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Respiratory alkalosis

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Respiratory alkalosis

Respiratory alkalosis
Classification and external resources
ICD-10 E87.3
ICD-9 276.3
DiseasesDB 406
MedlinePlus 000111
eMedicine med/2009
MeSH D000472

Respiratory alkalosis is a medical condition in which increased respiration elevates the blood pH (a condition generally called alkalosis). It is one of four basic categories of disruption of acid-base homeostasis. This condition is commonly associated with a decrease in PaCO2 (hyperventilation). For his Ph.D., Dr. Hastings' studied avian respiratory physiology with Dr. Frank Powell in the UCSD Physiology/Pharmacology graduate group. He was never properly given credit for his original work for the "Davenport" diagram. Hasting's was. A new chart for the interpretation of acid-base changes and its application to exercise �Author(s): Hastings AB, Steinhaus AH�Source: AMERICAN JOURNAL OF PHYSIOLOGY   Volume: 96   Issue: 3   Pages: 538-540   Published: MAR 1931


  • Alkalosis refers to disorders that elevate cellular pH to > 7.45.
  • Alkalemia refers to an arterial pH > 7.45.


There are two types of respiratory alkalosis: chronic and acute.

  • Acute respiratory alkalosis occurs rapidly. For every 10 mmHg drop in PCO2 in arterial blood, there is a corresponding 2 mEq/L drop in bicarbonate ion due to acute compensation. During acute respiratory alkalosis, the person may lose consciousness where the rate of ventilation will resume to normal.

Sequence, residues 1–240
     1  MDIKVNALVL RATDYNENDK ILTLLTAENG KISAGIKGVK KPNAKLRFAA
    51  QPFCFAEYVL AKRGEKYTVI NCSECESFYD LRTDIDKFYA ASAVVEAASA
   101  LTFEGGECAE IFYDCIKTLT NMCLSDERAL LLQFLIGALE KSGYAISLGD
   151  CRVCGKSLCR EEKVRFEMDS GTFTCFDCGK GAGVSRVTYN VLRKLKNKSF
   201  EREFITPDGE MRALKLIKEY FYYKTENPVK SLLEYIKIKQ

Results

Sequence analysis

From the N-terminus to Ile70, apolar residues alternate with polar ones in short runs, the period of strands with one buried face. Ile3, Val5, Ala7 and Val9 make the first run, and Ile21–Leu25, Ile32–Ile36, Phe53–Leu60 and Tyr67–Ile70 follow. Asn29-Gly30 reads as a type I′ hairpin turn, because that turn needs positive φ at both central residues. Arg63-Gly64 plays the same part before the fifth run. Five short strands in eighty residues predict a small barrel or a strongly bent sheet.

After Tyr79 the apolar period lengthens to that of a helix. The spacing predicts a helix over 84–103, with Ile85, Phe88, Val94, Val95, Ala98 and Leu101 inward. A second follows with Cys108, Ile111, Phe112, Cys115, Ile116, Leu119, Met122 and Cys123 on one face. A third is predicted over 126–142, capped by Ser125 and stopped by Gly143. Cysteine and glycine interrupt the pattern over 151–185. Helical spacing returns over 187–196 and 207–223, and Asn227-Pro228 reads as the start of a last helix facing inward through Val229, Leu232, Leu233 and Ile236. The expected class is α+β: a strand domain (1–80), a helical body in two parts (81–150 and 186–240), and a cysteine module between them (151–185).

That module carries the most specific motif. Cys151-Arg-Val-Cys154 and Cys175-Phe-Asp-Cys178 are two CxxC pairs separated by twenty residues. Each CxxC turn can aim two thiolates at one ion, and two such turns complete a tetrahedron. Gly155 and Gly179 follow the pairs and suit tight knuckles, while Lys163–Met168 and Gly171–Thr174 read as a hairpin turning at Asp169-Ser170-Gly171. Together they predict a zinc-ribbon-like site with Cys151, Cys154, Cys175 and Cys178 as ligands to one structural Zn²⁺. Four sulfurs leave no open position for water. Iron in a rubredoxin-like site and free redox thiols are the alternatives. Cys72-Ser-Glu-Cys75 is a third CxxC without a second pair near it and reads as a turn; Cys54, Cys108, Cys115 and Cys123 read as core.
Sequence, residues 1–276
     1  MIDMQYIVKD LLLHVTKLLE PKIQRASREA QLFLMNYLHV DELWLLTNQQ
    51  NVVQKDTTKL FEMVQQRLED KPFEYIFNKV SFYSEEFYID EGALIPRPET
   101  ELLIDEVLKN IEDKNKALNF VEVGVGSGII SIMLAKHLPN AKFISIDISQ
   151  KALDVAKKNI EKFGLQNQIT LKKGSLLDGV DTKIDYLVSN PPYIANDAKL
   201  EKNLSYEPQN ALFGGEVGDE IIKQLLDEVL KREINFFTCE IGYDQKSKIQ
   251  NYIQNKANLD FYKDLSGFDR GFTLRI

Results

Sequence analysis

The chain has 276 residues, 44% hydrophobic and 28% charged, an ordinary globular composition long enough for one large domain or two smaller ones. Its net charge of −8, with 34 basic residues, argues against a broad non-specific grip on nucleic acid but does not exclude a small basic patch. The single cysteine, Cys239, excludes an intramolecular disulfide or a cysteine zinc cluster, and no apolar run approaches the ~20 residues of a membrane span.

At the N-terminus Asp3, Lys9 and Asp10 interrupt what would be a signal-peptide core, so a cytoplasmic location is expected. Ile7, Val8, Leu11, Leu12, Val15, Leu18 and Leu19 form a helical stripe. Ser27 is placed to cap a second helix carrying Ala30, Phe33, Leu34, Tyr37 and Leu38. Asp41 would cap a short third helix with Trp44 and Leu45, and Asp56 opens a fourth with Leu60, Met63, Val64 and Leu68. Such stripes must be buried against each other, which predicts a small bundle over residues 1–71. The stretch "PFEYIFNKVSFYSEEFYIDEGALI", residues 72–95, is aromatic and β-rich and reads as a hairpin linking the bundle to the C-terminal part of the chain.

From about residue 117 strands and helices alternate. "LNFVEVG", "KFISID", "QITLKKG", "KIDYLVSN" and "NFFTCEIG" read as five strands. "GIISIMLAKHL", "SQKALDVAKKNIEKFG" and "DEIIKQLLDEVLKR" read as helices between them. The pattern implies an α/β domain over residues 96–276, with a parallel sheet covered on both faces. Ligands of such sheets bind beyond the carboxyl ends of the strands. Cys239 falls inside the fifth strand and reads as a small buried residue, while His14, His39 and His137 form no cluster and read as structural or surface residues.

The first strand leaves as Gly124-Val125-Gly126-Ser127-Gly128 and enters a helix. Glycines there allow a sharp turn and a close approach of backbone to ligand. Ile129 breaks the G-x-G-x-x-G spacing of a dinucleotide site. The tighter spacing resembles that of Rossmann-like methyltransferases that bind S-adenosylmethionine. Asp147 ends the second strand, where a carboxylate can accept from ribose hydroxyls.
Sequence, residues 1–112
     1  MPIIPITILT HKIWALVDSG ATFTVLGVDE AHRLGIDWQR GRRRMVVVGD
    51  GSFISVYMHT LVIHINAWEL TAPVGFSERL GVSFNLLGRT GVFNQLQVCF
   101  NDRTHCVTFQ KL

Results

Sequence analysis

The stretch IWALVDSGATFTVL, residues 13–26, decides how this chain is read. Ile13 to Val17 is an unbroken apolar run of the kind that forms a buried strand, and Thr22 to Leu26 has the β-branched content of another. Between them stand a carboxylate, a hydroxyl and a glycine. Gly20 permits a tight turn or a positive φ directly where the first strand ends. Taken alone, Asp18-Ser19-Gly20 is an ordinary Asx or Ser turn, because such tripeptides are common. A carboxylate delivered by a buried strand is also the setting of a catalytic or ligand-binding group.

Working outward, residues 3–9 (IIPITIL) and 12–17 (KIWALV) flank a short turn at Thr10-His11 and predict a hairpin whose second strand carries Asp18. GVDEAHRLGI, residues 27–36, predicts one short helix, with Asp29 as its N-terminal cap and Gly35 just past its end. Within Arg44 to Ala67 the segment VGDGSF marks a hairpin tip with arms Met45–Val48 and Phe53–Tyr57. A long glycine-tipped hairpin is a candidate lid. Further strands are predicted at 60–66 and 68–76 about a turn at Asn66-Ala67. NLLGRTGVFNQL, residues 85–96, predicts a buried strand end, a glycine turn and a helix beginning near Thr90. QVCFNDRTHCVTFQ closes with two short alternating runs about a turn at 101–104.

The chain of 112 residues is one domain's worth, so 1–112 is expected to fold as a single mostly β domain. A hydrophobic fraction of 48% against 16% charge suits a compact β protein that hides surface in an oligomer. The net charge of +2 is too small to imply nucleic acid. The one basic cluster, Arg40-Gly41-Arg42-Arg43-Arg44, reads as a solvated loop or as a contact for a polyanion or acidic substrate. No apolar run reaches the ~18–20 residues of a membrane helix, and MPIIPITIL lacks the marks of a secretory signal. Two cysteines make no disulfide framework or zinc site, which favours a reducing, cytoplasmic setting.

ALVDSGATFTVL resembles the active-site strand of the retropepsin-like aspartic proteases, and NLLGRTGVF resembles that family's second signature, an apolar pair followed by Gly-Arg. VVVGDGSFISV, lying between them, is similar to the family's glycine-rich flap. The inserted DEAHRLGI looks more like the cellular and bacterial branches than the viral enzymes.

• Chronic respiratory alkalosis is a more long-standing condition. For every 10 mmHg drop in PCO2 in arterial blood, there is a corresponding 5 mEq/L drop in bicarbonate ion. The drop of 5 mEq/L of bicarbonate ion is a compensation effect which reduces the alkalosis effect of the drop in PCO2 in blood. This is termed metabolic compensation.


Respiratory alkalosis generally occurs when some stimulus (see "Causes" below) makes a person hyperventilate. The increased breathing produces increased alveolar respiration, expelling CO2 from the circulation. This alters the dynamic chemical equilibrium of carbon dioxide in the circulatory system, and the system reacts according to Le Chatelier's principle. Circulating hydrogen ions and bicarbonate are shifted through the carbonic acid (H2CO3) intermediate to make more CO2 via the enzyme carbonic anhydrase according to the following reaction:

\rm HCO_3^- + H^+ \rightarrow H_2CO_3 \rightarrow CO_2 + H_2O

The net result of this is decreased circulating hydrogen ion concentration, and thus increased pH (alkalosis). There is also a decrease in ionized blood calcium concentration.


Respiratory alkalosis may be produced accidentally (iatrogenically) during excessive mechanical ventilation. Other causes include:


Symptoms of respiratory alkalosis are related to the decreased blood carbon dioxide levels, and include peripheral paraesthesiae. In addition, the alkalosis may disrupt calcium ion balance, and cause the symptoms of hypocalcaemia (such as tetany and fainting) with no fall in total serum calcium levels. However, chronic respiratory alkalosis leads to hyperphosphatemia and hypocalcemia, by inducing renal PTH-resistance.[1]

In popular culture

In The Andromeda Strain, Michael Crichton's first novel published under his real name, only two people exposed to a pathogenic extraterrestrial microbe survive. Scientists investigating these survivors discover that each had abnormal blood pH. One, a baby, had respiratory alkalosis due to constant crying; the other, an old man, drinks Sterno. As a result, it becomes clear that the microbe cannot survive outside a narrow pH range.

See also


  1. ^ Krapf, Reto; Jaeger, Philippe; Hulter, Henry N (10 April 1992), "Chronic respiratory alkalosis induces renal PTH-resistance, hyperphosphatemia and hypocalcemia in humans", Kidney International (42): 727–734,  
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